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In Greek architecture there were three orders of columns: the Doric, Ionic, and Corinthian. (I) Doric: Figures 1 and 2 give instances of the Doric style from the temple at Paestum and the Parthenon at Athens. The Doric column consists (a) of the shaft, which increases in diameter almost invisibly up to about one-quarter of its height, and diminishes slightly after that point. It has no base, but rests immediately on the stylobate. It is surrounded with semi-circular flutings, meeting each other at a sharp angle. These were chiselled with a cedar-wood tool after the separate drums had been put together. (b) The capital (Lat. capitulum). This consists of three parts, (a) the hypotrachelion, or neck of the column, a continuation of the shaft, but separated by an indentation from the other drums. It is wider at the top than at the bottom, and is generally ornamented with several parallel and horizontal rings. (b) The echinus, a circular moulding or cushion, which widens greatly towards the top. (c) The abax or abacus, a square slab supporting the architrave or episylion. The height of the shaft is usually 5 1/2 times, the distance between the columns 1 1/2 times the diameter of the base of the column. The architrave is a quadrangular beam of stone, reaching from pillar to pillar. On this again rests the frieze, zophoros, so called from the metopes which are adorned with sculptures in relief. These metopes are square spaces between the triglyphs: the triglyphs are surfaces out into three concave grooves, two whole grooves in the centre, and two half grooves at the sides. One is placed over each pillar, and one between each pair of pillars. The entablature is completed by a projecting cornice, a slab crowned with a simple heading-course, the lower surface of which is ornamented with sloping corbels (Gk. stagones, Lat. mutuli). (II) Ionic Columns. An instance is given in fig. 3 from the temple on the Ilissus at Athens. These are loftier than the Doric, their height being 8 1/2-9 1/2 times the diameter of the, lower part. The enlargement of the lower part is also less than in the Doric columns, the distance between each column greater (two diameters), the flutings (generally 24 in number) deeper, and separated by small flat surfaces. The Ionic column has a base consisting of a square slab (plinthos), and several cushion like supports separated by grooves. The capital, again, is more artistically developed. The neck, instead of fluting, has five leaves worked in relief. The echinus is very small and ornamented with an egg pattern. Over it, instead of the abacus, is a Four-cornered cushion ending before and behind in spiral volutes, supporting a narrow square slab, which is also adorned with an egg pattern. The architrave is divided into three bands, projecting one above the other, and upon it rises, in an uninterrupted surface, the frieze, adorned with reliefs, continuously along its whole length. Finally, the cornice is composed of different parts. (III) The Corinthian column (fig. 4, from the monument of Lysicrates, at Athens). The base and shaft are identical with the Ionic, but the capital takes the form of an open calix formed of acanthus leaves. Above this is another set of leaves, from between which grow stalks with small leaves, rounded into the form of volutes. On this rests a small abacus widening towards the top, and on this again the entablature, which is borrowed from the Ionic order. On the human figures employed instead of columns to support the entablature, see ATLAS, CANEPHORI, CARYATIDES. The Romans adopted the Greek styles of column, but not always in their pure form. They were fondest of the Corinthian, which they laboured to enrich with new and often excessive ornamentation. For instance, they crowned the Corinthian capital with the Ionic, thus forming what is called the Roman or composite capital. The style known as Tuscan is a degenerate form of the Doric. The Tuscan column has a smooth shaft, in height=7 diameters of the lower part, and tapering up to three-quarters of its lower dimensions. Its base consists of two parts, a circular plinth, and a cushion of equal height. The capital is formed of three parts of equal height. In other styles, too, the Romans sometimes adopted the smooth instead of the fluted shaft, as for instance in the Pantheon (fig. 5). Single columns were sometimes erected by the Greeks, and in imitation of them by the Romans, as memorials to distinguished persons. A good example is the Columna Rostrata, or column with its shaft adorned with the beaks of ships, in the Roman Forum. This was set up in commemoration of the naval victory of Duilius over the Carthaginians (261 B.C.). Among the columns which survive, the most magnificent is that of Trajan, erected in the Forum of Trajan 113 A.D. It rises on a quadrangular pediment to the height of 124 feet; its diameter below is about 10 feet, and a little less in the upper part. An interior spiral staircase of 185 steps leads to the summit. The shaft, formed of twenty-three drums of marble, is adorned with a series of reliefs, 3 feet 3 inches high and 200 feet long, in a series of twenty-two spirals. They represent scenes in Trajan's Dacian campaigns, and contain 2,500 human figures, with animals, engines, etc. On a cylindrical pedestal at the summit there once stood a gilded statue of the emperor, which, since the year 1587, has made way for a bronze figure of St. Peter. A similar column is that of Marcus Aurelius, 122 feet high, on the Piazza Colonna. Since 1589 the statue of St. Paul has been substituted for that of the emperor. The reliefs, in twenty spirals, represent events in the emperor's war with the Marcomanni.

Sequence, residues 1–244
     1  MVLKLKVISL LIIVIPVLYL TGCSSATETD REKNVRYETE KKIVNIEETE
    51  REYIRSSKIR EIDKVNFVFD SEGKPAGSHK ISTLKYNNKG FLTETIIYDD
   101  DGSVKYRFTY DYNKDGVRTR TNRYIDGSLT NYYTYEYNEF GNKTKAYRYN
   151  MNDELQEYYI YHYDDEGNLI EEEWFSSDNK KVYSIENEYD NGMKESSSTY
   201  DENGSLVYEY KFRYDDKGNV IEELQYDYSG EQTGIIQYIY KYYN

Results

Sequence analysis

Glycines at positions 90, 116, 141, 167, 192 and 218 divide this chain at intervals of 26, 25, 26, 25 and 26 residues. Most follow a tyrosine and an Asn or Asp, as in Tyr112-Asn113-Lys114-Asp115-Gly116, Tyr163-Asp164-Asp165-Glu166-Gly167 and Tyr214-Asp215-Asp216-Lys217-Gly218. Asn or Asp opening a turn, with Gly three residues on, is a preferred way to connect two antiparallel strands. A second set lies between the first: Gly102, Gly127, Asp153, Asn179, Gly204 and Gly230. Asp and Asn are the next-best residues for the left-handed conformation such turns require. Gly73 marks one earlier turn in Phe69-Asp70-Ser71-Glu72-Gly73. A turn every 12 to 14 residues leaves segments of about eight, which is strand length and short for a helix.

ODYSSEUS 7.34%